Before setting off for work today Mr LMR burnt a hole in our living room rug. The joys of having an open fire. I spent 20 minutes discussing how Middle Monkey could not get dressed because the only part of the room he wanted to dress in was too cold. I was also engaged in a session of rememising over old peices of art work and birthday cards produced by Top Monkey who was rummaging around in the recycling cupboard. I texted a work colleague and friend about the hole in the carpet. As if to excuse another late arrival at work. Her response? “Never a dull moment in your house!” Quite. I often ponder the craziness of my life and wonder if we are “normal”. Then I write a blog post about it and lots of people respond to say “phew, I thought it was just me.” So is not normal actually the new normal these days?
A normal day
In my life a normal day involves my navigating a number of obstacles. Most of which cannot be predicted or avoided. For example, the other day everything stopped because Top Monkey could not find the correct hair for his Lego man. In order to restart our day I was required to sift through the Lego box to find said hair. Not an easy task I can tell you. After 20 minutes of finding hard hats, crash helmets, a pony tail and a headdress in the shape of a snake skull, amongst other things, said hair was located. Our day resumed.
Other issues that can derail our days are the badly timed poo, lost items that you didn’t know existed (Lego hair, soft toys that are now best friends, the thing you threw out because you didn’t know what it was that was in fact your child’s new favourite thing), wet trousers of unknown origin, unrealistic snack requests for things you don’t have, etc, etc. In my time as a parent I have read a lot of advice about how to be normal and make your children normal so you can get on with having a normal life. I have tried and failed to implement such advice but now realise that the normal I am being sold isn’t actually my normal.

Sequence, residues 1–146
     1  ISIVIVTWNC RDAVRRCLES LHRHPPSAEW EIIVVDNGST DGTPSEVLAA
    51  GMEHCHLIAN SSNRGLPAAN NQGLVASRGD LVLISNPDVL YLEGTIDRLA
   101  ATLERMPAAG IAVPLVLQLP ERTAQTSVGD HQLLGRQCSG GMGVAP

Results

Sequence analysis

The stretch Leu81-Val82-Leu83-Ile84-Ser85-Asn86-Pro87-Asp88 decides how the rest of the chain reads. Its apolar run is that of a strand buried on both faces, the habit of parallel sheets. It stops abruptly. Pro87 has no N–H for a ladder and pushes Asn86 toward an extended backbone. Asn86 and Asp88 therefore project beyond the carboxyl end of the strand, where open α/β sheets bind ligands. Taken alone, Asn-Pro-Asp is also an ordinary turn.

There is a welly in my dishwasher
Sometimes there is a welly in my dishwasher or a fish on my washing line. There is a hole in the wall by my backdoor where Top thought he would try rock climbing and bashed a first hand hold with a gardening tool he found in the garage. “What the bleep is this?” Mr LMR exclaimed when he found it.
Sometimes it’s funny, sometimes it really isn’t. You learn to go with the crazy and try to laugh at the things that, at the time, seem unforgivable. Remember the hole in my rug? I’ve had to learn to let things go in order to hang on to a little bit of sanity. Parenting is like falling down the rabbit hole into Wonderland. You’re either a confused Alice or a happy hatter at a tea party.
Do you like it?
The other day Middle Monkey made me a “teddy”. Or also known as a red stick with one eye, a red pompom and a couple of jewels on it. He was so proud of it. Tonight he brought it to me when I got home from work. “Look mummy it’s all dry now. Do you like it? Show me you like it. Give it a cuddle”. Cue me trying to cuddle a stick. “Ah that’s nice, you can cuddle it all night now.” Off he went happy.
Problem is, if I don’t take the stick to bed with me tonight and he catches me out it will be big trouble in the morning. Better to embrace the stick.
I used to run to feel normal
So this is my normal now, cuddling sticks, wellies in the dishwasher, burn marks on the rug courtesy of a sleep deprived Mr LMR. Rug aside, I don’t mind my new normal too much. Of course I would like it if we could navigate life without Lego hair delaying our plans or if the monkeys would poo at more convenient times. But it isn’t a deal breaker and later when we’re on our own Mr LMR and I can often be found crying with laughter. Reliving what they’ve said or done.
By the standards of others, maybe we aren’t normal. I work hard to keep them safe and well fed, to teach them good behaviour and know when things aren’t right. But I don’t think I’ll ever teach them to judge themselves by the normal of others. I used to run to feel normal again. Now I run to feel prepared for our normal. Which is pretty normal after all.